2. Talk to T and ask him where he's from and something he likes. 

The kids are amazing, and all eagerly mingled among their classmates and talked to T. 

After the students finished, I asked T to stand. He did. In turn, students shared something they learned about T, followed by me asking T to tell me. One student shared, "T likes Snickers." T then told me, "I'm from Snickers." Occasionally, T elaborated on something he shared with a classmate, and in this way T delivered his "Where I'm From" speech standing beside his desk. 

Those who read the earlier post and who are reading about T's progress may have deduced that T is mainstreamed and has some challenges to learning in a traditional environment. 

T and his classmates have already moved to a special place in my heart and in my collective memory of important teaching moments. 

I am from T. I am from my students. I am from the love and compassion they show one another. I am from a public school that welcomes every student regardless of where each one of them is from. 


  1. You are so smart! I often struggle with certain kids who don't want to give speeches. This is such a great way to handle the situation. T doesn't have the pressure of speaking in front of class--well at least he doesn't think he about the pressure, and he does some speaking. Bravo!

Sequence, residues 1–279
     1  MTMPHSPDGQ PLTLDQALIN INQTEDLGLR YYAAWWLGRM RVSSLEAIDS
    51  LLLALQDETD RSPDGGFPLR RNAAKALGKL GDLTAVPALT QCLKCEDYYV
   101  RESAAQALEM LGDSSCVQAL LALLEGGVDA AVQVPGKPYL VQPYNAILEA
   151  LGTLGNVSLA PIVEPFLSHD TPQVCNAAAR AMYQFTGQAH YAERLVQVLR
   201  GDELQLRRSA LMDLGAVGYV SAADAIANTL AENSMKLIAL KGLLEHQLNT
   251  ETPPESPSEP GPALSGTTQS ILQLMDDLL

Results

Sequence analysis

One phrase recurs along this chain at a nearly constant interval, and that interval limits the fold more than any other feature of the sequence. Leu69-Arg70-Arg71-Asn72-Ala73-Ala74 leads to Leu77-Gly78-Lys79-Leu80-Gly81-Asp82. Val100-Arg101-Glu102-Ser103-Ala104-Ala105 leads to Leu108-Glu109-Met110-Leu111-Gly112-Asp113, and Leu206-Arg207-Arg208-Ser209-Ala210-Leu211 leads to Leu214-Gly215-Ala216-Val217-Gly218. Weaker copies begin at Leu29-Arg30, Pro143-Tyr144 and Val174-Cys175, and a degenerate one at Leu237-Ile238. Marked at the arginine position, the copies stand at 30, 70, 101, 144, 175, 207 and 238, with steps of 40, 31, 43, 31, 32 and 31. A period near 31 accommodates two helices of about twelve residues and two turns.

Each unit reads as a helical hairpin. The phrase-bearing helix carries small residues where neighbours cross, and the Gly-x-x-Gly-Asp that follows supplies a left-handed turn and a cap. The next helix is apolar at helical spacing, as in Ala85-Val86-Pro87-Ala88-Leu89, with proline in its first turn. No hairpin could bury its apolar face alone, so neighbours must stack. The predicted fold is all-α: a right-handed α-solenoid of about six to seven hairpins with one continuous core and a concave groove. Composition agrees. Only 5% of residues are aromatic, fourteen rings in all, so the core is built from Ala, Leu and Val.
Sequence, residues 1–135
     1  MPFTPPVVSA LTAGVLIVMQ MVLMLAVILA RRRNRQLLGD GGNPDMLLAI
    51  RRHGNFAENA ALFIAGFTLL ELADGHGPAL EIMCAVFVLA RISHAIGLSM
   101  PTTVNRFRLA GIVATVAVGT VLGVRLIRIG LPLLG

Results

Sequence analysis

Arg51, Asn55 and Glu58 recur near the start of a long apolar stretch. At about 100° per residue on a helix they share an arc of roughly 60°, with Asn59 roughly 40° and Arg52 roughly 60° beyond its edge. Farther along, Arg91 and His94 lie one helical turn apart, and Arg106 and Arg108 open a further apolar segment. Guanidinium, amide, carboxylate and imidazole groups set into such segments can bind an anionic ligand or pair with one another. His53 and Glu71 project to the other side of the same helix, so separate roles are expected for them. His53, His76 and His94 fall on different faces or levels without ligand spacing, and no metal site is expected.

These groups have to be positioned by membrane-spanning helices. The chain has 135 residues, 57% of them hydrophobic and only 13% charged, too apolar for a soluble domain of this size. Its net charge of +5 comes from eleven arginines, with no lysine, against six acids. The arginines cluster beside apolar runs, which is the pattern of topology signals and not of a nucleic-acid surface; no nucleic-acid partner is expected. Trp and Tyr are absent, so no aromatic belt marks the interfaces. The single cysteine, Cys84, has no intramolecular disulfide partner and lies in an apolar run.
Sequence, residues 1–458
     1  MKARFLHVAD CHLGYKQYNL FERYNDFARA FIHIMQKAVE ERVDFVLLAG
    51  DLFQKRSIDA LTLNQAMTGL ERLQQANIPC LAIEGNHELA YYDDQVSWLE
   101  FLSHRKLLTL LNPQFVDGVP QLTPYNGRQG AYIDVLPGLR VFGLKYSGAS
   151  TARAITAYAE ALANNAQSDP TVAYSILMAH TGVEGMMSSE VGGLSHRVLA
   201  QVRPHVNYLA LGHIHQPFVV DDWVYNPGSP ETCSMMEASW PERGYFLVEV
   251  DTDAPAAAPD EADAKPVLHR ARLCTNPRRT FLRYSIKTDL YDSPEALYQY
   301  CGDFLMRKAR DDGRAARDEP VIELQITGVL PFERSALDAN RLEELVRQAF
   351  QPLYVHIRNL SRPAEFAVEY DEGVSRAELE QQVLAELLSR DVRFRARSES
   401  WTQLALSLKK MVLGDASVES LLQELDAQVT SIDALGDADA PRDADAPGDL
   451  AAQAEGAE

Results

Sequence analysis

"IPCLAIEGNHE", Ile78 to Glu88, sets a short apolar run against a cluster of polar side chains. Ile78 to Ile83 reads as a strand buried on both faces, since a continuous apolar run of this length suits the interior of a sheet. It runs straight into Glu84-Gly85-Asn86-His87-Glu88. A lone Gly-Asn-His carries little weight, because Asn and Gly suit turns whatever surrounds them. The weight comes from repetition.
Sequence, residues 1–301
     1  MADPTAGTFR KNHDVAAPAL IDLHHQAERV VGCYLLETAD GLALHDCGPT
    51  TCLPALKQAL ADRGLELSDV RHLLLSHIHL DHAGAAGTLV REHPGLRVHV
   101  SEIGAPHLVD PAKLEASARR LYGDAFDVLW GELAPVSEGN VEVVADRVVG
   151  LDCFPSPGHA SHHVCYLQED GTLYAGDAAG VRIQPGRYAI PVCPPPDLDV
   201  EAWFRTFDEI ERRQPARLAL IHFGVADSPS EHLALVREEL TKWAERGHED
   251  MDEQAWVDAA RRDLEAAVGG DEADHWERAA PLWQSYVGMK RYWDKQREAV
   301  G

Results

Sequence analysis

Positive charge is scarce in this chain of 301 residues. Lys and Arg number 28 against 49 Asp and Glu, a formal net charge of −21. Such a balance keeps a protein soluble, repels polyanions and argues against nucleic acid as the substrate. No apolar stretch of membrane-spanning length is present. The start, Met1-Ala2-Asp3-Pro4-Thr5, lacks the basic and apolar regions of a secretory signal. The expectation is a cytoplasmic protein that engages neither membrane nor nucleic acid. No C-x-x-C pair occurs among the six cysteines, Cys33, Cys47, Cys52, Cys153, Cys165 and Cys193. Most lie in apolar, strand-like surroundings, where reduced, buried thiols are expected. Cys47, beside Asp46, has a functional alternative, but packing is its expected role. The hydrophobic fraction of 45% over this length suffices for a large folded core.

1. After class today T told me he worries about his speech. I told him his classmates want to hear him speak, and he told me he wants to try speaking in front of the class. Another student head me tell T how we all love him and are here for him, and she said, "That's right." It was a lovely moment.

  2. I am saving this resource - fabulous!

    1. I have a template I created for the Twitter bio and instructions for the other ideas if you want them. you know how to find me!

  3. It's not the many ways you traditionally have helped students announce themselves that catches me here. Although all of that is interesting. No, not that. Rather, it is the way you weave--compose actually a method to support T in the performance of self by having the others in the room say aloud what they have learned about T. There's such kindness in this act.

    This is what all those pundits who have so much to save about teaching and learning never seem to understand. Teaching is mostly about love.

    1. I think about the pundits all the time. They don't understand what we do. Their lives are barren because they don't know the joy, love, and pain of life with our students, especially the most vulnerable ones.

  4. all related to good writing prompts too -- basic rhetoric just keeps on adapting...

    twitter bio, 6-word story, more ideas for short #sol17 posts -- and then there is the Bart Simpson chalkboard meme generator (apparently the original meme generator)

    T could create an intro meme and send it...we could create #sixwordstory #silentsunday memes for March 12 #sol17 posts...

  5. I love love love "I am from" poems...we have done them as a staff, as we get ready for a new school year. I think I am in love with your "T", too!

    A writing prompt I personally enjoyed a whole lot was "If you really knew me, you'd know...." I thought of that when I read your "You don't know me at all."